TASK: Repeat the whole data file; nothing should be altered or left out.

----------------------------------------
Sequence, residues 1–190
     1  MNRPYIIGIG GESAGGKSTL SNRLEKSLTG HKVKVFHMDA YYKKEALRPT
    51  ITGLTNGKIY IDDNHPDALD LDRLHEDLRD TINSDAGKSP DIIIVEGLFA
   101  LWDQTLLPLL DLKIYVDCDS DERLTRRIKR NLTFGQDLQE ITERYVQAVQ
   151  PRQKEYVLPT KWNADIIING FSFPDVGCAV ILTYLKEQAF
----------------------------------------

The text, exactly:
Sequence, residues 1–190
     1  MNRPYIIGIG GESAGGKSTL SNRLEKSLTG HKVKVFHMDA YYKKEALRPT
    51  ITGLTNGKIY IDDNHPDALD LDRLHEDLRD TINSDAGKSP DIIIVEGLFA
   101  LWDQTLLPLL DLKIYVDCDS DERLTRRIKR NLTFGQDLQE ITERYVQAVQ
   151  PRQKEYVLPT KWNADIIING FSFPDVGCAV ILTYLKEQAF